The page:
Native Trailing Blackberry (Rubus Ursinus) by Jade Bisson

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Hi Friends! Ahhh, summertime! Ahhh, swimming! Ahhh, wild berries! My most favorite being the very small, very underrated, very sweet Native Trailing Blackberry, or Rubus ursinus. You'll find this crawling shrub in most forests around B.C and down to California and as far east as Montana.

They grow best in disturbed areas where logging (boo!) ect. has gone on. I am sure that you have seen or even tasted the more common introduced species of blackberries, the Himalayan and/or the Evergreen blackberry that grow along roadsides and backyards. The less common Rubus ursinus has superior flavor and less prickly vines than the other two. First Nations Peoples picked these berries and dried them in to cakes.

They also used the leaves in tea to cure bouts of dysentery, bonus! So, when you're walking down the trail in a few weeks, (they are usually out from the end of July to Mid September, depending on the type of summer) keep your eyes open under the brush.

If you see any without berries or flowers, it is likely a male shrub as this species are dioecious, meaning there are both male and female plants. Pretty neat!!! Good luck, keep up the good work, put some of these berries on your cereal when you wake up to watch the sunrise!

Salal (Gaultheria Shallon) by Jade Bisson

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I know, I know, another berry? Well, yes. Seeing as it is big time berry season, Gaultheria shallon just has to be recognized. You may not realize it, but this evergreen shrub dominates our forest floor. It is EVERYWHERE. But, not just in our backyards! From bio-regional restaurants, to the landscaping industry, to little old ladies who make jelly, to floral arrangements at your best friend's wedding, to First Nation families, and to sauvage enthusiasts, salal truly is a ubiquitous plant. So much, that a complete biography has been written about it, ("Salal: Listening for the Northwest Understory" by Canadian author and UBC professor Laurie Ricou).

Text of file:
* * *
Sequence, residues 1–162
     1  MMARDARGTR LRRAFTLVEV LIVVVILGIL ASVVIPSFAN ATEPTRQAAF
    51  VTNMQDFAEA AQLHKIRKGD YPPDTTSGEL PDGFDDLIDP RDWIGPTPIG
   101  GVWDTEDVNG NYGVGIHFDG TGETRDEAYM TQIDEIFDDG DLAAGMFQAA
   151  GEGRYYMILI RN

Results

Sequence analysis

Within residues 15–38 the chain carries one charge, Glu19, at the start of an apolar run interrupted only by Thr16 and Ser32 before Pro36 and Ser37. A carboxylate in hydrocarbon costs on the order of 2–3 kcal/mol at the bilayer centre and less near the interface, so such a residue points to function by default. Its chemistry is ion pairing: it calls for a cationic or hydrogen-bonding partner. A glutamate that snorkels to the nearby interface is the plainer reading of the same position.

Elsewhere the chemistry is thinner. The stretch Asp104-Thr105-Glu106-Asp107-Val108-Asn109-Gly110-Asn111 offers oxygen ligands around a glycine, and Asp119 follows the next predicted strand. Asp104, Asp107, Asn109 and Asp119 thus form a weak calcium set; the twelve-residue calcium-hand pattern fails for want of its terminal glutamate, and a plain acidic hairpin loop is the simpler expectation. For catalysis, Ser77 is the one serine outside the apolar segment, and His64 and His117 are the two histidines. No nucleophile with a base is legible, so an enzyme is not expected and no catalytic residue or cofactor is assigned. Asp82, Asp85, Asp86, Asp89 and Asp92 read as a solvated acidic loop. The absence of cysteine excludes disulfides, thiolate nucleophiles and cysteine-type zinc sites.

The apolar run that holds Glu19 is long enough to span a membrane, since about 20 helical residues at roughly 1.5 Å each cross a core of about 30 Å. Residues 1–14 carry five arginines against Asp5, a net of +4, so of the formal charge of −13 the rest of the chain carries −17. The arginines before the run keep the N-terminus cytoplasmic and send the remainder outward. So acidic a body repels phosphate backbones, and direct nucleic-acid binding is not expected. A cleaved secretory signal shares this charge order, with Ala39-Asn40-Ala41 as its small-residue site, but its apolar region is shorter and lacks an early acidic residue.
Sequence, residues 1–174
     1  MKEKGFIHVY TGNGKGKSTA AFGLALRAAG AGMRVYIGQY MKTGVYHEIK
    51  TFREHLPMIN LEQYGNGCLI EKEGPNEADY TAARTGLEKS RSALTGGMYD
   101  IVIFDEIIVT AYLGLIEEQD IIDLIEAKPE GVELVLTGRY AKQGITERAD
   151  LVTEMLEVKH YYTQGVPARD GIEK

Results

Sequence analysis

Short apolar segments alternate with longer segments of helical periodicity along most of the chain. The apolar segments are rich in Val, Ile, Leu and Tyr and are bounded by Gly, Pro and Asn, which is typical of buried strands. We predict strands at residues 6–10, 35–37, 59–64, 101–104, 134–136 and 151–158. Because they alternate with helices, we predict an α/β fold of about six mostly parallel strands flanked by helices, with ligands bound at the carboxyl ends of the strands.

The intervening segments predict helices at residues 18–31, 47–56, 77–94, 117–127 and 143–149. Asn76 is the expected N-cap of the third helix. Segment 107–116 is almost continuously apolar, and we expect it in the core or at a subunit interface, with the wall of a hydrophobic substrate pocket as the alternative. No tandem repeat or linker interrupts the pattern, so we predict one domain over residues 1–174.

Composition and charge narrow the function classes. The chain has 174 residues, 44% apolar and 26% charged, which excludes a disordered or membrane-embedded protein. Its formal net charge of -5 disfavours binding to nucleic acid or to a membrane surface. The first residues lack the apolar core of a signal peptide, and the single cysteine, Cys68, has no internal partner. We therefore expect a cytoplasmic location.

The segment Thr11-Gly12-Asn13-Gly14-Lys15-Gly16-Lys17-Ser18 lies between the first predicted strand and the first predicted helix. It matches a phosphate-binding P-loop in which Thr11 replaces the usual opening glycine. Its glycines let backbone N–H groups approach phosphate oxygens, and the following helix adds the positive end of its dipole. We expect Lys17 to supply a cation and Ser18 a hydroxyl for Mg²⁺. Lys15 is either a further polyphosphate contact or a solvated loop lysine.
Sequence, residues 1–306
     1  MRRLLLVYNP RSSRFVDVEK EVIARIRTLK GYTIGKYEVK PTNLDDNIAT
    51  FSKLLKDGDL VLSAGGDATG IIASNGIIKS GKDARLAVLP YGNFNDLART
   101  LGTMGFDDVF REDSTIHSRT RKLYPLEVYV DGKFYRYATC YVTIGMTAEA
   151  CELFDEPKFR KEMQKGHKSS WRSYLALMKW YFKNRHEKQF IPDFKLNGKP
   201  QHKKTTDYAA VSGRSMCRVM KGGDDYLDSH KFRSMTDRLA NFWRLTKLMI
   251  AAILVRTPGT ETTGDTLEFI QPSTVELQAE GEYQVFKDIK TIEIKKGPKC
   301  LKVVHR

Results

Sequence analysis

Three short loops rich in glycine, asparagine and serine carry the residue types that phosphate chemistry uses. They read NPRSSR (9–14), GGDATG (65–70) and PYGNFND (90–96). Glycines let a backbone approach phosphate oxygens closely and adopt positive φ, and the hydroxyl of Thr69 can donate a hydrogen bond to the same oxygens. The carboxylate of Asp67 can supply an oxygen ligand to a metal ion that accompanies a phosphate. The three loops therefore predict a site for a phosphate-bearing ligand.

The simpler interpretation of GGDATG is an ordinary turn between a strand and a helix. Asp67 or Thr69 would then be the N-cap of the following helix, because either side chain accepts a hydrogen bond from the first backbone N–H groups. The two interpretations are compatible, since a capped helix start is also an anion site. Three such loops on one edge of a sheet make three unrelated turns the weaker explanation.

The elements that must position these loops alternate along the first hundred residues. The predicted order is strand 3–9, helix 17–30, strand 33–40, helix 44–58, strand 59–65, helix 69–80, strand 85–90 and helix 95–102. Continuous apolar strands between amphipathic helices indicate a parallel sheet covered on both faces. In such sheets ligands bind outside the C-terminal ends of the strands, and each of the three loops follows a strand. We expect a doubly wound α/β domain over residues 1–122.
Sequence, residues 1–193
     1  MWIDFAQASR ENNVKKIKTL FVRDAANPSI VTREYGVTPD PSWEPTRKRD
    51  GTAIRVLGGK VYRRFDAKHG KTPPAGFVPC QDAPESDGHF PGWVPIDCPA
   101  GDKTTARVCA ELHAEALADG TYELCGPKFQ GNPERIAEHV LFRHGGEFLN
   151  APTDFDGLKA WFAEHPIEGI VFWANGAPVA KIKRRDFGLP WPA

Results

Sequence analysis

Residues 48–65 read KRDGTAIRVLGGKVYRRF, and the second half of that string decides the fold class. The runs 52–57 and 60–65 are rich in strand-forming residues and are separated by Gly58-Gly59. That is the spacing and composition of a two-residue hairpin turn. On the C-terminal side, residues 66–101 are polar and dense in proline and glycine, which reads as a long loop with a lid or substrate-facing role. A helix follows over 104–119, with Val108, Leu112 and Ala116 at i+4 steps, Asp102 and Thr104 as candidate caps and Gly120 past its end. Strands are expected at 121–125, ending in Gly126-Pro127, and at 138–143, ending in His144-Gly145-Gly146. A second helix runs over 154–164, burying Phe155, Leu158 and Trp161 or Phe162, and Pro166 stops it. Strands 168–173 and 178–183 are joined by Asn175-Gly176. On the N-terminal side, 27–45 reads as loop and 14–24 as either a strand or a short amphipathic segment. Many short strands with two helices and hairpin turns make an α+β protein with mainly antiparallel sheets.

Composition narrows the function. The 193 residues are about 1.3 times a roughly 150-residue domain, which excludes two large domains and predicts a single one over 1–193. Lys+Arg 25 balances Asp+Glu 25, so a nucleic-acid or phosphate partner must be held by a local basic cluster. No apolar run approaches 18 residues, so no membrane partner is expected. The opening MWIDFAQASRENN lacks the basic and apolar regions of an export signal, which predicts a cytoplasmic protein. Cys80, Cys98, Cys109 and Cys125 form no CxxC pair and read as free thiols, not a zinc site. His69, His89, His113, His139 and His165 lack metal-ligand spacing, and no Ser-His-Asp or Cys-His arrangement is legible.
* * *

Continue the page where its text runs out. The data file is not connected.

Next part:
There is so much to say about salal, but I will focus on its edible qualities and its importance in Coast culture. Now, I've got one word to say to you: fruit leather, baby! According to the forth mentioned book, the First Peoples of the West Coast invented it! During the months of August and September, Gaultheria shallon bears its fruit. Sweet, juicy and a little seedy, families collected enormous baskets worth, cleaned, mashed and cooked them with hot rocks,, then dried them in the sun or over fire. The cakes were stored over winter and brought out on special occasions.

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Pretty neat. And (!) the leaves could also be made in to a poultice to treat burns and wounds, or made in to an infusion to treat indigestion, colic and tuberculosis. Today, those same families and other coastal residents preserve salalberries by making jam, jelly, syrup, jarring or freezing. While bushwhacking through the understory, identify these bad boys by their lovely green egg-shaped leaves and pinkish bell flowers (or berries, when in season) hanging from the branch tips. Check out the stems of the shrub and you will find that they are flexible and wiry. This helps in winter, letting it bear the weight of snow, letting it tower over the other plants. Usually, it is found in damp low-light places, but salal has adapted and can grow anywhere. The hight depends on conditions, sometimes ranging from knee high to 5-feet!

Caution; tics do reside in salal shrubs, so be aware of that. Do a tic check. But, don't let that deter you. The humble salal is of great significance and should be honored for its contribution to our West Coast landscape and history. I am happy to have been able to shine a light on this truly West Coast edible. Thanks!